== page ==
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Baby Food Round 2: Homemade Style

Heya.

It’s been a while. I know.

My head is spinning about the speed with which time is flying.

How is it already JULY??? Didn’t it JUST get warm outside? (it’s the truth here in Colorado anyway). Will summer be over before I even know it or will we get a nice Looonnnnggg transition in to Fall?

Speaking of time – I did a round 2 of baby food making quite some time ago and never shared.

I even considered foregoing the sharing, but then figured that if this can encourage even one person who’s on the fence about tackling baby food homemade style, it’s worth my time in sharing.

I said it before and I will say it again – I have NOTHING against the store bought variety.

Heck, my little dude has devoured LOTS of the store bought stuff.

There’s a certain convenience with buying at the store and popping the top for feeding. And there’s a certain warmness of heart <for me anyway> with making food at home.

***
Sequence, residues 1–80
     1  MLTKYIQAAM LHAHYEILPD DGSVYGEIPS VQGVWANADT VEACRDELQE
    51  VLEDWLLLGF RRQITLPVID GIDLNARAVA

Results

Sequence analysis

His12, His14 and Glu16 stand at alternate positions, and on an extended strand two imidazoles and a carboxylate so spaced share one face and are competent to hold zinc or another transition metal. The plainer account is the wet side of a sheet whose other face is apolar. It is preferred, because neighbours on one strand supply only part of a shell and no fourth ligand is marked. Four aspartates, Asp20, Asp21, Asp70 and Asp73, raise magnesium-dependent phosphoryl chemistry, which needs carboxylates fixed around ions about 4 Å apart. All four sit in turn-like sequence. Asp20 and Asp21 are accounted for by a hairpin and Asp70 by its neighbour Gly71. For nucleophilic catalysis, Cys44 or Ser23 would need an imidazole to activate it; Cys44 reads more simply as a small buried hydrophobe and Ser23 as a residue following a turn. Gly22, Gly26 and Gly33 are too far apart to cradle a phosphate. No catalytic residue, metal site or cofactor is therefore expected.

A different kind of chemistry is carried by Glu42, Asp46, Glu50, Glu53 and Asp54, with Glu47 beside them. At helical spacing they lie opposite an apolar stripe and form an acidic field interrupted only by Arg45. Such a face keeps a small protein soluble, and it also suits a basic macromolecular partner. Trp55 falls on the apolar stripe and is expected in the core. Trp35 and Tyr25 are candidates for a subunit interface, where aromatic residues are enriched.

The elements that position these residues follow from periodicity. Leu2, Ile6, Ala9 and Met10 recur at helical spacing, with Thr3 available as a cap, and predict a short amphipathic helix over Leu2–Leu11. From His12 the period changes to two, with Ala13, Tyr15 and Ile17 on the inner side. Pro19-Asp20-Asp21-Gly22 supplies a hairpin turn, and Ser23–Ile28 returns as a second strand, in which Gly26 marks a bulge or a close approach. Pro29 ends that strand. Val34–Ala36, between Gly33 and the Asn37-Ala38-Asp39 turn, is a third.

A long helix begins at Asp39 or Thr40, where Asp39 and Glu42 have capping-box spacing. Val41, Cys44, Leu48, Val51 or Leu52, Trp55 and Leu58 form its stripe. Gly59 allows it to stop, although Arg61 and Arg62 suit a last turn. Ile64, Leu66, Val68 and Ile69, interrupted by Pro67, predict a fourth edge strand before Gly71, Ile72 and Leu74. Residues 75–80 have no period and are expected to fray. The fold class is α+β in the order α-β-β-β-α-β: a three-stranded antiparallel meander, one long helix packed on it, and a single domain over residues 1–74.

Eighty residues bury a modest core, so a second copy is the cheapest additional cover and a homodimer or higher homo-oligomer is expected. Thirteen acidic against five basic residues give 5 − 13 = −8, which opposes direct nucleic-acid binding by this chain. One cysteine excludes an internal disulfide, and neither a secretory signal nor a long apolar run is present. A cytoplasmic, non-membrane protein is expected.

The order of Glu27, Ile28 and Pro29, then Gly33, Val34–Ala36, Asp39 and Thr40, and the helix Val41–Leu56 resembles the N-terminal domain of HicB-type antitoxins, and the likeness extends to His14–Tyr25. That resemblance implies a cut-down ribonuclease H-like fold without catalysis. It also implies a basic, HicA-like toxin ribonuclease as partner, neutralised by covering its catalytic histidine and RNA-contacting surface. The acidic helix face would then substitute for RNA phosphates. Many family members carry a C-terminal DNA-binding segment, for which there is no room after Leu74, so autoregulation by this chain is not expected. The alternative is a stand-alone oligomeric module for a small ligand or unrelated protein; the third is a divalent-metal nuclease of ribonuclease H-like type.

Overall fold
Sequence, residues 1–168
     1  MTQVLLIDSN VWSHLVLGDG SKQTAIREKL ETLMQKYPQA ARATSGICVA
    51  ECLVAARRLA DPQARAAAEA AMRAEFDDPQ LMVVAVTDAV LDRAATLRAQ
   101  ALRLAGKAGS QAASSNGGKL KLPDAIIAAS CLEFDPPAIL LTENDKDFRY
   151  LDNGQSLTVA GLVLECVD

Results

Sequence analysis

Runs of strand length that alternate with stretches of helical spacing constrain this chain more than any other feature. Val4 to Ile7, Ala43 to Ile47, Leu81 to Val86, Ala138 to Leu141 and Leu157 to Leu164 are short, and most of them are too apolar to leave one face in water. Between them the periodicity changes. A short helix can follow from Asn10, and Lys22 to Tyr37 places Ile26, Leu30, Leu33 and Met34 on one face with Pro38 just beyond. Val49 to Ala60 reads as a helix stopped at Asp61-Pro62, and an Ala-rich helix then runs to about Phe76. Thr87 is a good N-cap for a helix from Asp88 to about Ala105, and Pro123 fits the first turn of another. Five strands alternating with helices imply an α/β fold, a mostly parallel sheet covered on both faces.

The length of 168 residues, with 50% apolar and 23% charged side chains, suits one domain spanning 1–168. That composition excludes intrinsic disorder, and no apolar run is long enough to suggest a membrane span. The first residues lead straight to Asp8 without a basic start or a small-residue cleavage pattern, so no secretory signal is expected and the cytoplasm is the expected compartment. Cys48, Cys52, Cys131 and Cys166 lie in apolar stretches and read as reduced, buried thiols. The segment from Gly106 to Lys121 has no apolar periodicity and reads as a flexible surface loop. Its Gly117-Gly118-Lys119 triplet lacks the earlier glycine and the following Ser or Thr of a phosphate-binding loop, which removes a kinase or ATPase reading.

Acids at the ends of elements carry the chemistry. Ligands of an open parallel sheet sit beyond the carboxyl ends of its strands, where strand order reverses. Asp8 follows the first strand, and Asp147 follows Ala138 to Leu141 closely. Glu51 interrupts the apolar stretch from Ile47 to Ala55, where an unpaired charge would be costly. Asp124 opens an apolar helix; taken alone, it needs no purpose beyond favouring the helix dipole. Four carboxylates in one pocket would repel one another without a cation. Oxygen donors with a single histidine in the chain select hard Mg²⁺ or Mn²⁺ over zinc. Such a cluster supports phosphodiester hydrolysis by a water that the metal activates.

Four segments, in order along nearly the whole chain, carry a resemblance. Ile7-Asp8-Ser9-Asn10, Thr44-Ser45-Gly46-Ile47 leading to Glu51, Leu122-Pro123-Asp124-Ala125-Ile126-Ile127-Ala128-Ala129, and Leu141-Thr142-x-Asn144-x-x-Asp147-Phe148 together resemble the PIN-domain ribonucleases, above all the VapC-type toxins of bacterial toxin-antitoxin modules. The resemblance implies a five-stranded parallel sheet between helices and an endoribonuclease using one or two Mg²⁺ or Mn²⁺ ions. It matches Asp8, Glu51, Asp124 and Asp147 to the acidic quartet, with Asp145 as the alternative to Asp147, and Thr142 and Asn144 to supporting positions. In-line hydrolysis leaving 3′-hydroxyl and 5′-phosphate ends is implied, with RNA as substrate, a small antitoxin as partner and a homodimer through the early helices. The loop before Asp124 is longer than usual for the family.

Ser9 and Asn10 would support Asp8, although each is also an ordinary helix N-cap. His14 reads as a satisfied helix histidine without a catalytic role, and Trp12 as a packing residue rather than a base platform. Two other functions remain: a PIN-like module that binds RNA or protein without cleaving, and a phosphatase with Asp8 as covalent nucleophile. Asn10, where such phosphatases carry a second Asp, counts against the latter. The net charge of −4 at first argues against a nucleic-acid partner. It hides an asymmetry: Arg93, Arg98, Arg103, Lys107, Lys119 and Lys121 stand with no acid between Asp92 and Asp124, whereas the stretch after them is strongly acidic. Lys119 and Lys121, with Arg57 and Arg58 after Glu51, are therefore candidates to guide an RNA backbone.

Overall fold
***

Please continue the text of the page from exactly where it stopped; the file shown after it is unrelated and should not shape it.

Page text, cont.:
So I do both!

And making baby food at home really isn’t all that time consuming a process if you plan and prep and have the right equipment.

Round 2 of baby food making included avocado, peas, mango and quinoa.

That’s right! Quinoa!

I sought making Round 2 as easy as possible and purchased frozen, organic mango and peas. I struggle to get much for my effort when it comes time to cutting up a fresh mango (and I’ve watched countless YouTube tutorials – I’m mango cutting challenged regardless), and it would take a month of Sundays to pluck enough of those little green gems (i.e. peas) from their pods to make it worth my while.